By DAVID CHANDLER, MIT NEWS OFFICE April 9, 2013
A TEAM AT MIT has published a detailed analysis of all the factors that could limit the efficiency of an “artificial leaf” — a semiconductor device that uses photons to generate a storable fuel such as hydrogen. The new analysis lays out a roadmap for a research program to improve the efficiency of these systems, and could quickly lead to the production of a commercially viable prototype.
The work is described in the Proceedings of the National Academy of Sciences, by Associate Professor of Mechanical Engineering Tonio Buonassisi, former MIT Professor Daniel Nocera (now at Harvard University), MIT postdoc Mark Winkler (now at IBM) and former MIT graduate student Casandra Cox (now at Harvard). It follows up on 2011 research that produced a “proof of concept” artificial leaf — a small device that, when placed in a container of water and exposed to sunlight, produced bubbles of hydrogen and oxygen.
The device combines a silicon solar cell with chemical catalysts applied to each side to split atoms of hydrogen and oxygen from the water molecules surrounding them.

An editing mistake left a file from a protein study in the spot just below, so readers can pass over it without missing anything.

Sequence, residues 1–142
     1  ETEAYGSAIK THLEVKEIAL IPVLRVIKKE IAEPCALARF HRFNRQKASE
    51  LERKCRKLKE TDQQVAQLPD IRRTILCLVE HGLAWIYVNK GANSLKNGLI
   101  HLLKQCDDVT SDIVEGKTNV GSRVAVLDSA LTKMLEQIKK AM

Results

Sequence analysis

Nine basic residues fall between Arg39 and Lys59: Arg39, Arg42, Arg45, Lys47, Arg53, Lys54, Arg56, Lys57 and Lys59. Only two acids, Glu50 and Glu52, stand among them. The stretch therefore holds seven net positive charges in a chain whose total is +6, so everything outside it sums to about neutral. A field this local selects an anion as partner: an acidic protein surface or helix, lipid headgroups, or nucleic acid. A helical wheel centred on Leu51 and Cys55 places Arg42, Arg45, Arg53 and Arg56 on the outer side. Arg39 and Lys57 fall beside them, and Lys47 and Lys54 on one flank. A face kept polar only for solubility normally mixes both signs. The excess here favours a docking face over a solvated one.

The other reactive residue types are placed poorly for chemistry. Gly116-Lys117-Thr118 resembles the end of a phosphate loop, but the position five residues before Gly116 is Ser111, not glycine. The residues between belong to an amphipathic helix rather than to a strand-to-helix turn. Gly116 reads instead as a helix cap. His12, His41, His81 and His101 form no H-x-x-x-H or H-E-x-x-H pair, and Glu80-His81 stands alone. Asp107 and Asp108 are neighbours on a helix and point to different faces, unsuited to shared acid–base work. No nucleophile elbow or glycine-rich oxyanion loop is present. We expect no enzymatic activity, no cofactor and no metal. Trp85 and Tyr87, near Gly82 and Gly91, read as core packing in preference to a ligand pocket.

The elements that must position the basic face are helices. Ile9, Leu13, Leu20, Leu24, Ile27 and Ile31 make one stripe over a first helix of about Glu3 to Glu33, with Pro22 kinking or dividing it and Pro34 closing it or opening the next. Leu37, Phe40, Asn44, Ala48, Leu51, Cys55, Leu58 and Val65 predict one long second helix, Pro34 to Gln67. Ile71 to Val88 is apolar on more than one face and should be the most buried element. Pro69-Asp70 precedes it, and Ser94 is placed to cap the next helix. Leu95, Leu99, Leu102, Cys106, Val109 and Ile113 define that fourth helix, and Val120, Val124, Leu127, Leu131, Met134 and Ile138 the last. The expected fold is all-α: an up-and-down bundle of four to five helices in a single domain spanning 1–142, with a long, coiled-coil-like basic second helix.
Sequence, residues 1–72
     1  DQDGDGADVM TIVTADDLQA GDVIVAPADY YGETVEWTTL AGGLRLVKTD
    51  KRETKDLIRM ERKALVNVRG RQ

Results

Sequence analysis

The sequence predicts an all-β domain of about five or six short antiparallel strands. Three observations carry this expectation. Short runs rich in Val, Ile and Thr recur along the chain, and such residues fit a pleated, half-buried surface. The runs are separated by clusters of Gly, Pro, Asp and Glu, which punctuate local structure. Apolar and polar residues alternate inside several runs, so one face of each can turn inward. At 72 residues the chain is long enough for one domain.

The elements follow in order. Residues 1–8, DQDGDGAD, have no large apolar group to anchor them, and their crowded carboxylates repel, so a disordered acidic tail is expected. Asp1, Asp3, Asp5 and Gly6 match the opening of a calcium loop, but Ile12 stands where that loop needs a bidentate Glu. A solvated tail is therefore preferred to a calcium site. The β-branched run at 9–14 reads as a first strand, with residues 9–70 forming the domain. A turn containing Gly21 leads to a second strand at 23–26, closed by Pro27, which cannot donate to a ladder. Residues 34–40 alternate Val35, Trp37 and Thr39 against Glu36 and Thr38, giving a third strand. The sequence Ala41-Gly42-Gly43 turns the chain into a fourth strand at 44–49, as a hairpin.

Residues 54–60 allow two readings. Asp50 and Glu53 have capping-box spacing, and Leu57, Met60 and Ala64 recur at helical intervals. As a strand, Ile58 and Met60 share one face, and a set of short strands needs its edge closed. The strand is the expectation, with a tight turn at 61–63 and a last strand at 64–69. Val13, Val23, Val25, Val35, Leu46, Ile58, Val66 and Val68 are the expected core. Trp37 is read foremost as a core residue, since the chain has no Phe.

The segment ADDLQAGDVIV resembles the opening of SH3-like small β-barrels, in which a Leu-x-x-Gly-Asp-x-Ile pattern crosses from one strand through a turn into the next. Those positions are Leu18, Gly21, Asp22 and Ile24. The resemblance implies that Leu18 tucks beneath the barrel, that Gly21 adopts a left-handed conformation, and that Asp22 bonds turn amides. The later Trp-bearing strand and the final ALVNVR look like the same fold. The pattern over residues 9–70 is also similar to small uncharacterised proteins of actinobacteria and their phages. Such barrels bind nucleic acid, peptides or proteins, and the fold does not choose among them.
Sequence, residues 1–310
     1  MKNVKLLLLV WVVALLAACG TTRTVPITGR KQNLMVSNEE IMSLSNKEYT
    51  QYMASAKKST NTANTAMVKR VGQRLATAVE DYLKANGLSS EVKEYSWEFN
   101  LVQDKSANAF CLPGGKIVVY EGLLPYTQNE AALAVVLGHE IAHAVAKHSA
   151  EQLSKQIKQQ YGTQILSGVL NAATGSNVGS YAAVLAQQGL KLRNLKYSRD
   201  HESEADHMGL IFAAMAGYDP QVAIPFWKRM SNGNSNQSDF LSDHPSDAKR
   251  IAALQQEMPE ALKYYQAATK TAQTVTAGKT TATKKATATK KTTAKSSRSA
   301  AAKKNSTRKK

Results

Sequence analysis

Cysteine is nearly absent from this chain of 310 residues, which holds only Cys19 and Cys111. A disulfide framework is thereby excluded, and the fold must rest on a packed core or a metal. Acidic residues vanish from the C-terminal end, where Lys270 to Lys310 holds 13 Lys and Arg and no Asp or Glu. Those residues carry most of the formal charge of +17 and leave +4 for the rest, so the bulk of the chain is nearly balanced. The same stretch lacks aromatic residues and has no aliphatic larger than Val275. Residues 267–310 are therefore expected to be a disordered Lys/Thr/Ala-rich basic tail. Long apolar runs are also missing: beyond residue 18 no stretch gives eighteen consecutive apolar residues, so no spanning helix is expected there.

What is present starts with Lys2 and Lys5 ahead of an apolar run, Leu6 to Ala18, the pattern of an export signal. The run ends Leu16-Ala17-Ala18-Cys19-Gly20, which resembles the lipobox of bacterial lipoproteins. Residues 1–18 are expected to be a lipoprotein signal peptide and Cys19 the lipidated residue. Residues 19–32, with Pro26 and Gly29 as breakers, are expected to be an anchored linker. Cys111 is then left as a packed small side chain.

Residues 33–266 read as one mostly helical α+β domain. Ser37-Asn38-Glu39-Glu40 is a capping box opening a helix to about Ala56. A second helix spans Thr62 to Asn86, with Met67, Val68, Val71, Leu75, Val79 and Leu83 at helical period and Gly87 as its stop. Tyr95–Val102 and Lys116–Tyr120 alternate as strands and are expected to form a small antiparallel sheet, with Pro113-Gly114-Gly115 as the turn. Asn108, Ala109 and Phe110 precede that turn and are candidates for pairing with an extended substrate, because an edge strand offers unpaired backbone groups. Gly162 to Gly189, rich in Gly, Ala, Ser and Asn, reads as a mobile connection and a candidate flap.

The original demonstration leaf converted at less than 4.7 percent efficiency, Buonassisi says. But the new analysis shows that efficiencies of 16 percent or more should be possible using single-bandgap semiconductors, such as crystalline silicon. For gallium arsenide cells, the limit rises to about 18 percent. The key to obtaining high solar-to-fuel efficiencies is to combine the right solar cells and catalyst — a matchmaking activity best guided by a roadmap. The approach presented by the team allows for each component of the artificial leaf to be tested individually, then combined.
The voltage produced by a standard silicon solar cell, about 0.7 volts, is insufficient to power the water-splitting reaction, which needs more than 1.2 volts. One solution is to pair cells in series. While this leads to some losses at the interface between the cells, it is a promising direction for the research, Buonassisi says.
An additional source of inefficiency is the water itself, which functions as a resistor, Buonassisi says. So another way to improve efficiency would be to lower that resistance, perhaps by reducing the distance that ions must travel through the liquid, perhaps by using interleaved plates.
The work was supported by the National Science Foundation, the Air Force Office of Scientific Research, the Singapore National Research Foundation through the Singapore-MIT Alliance for Research and Technology, and the Chesonis Family Foundation.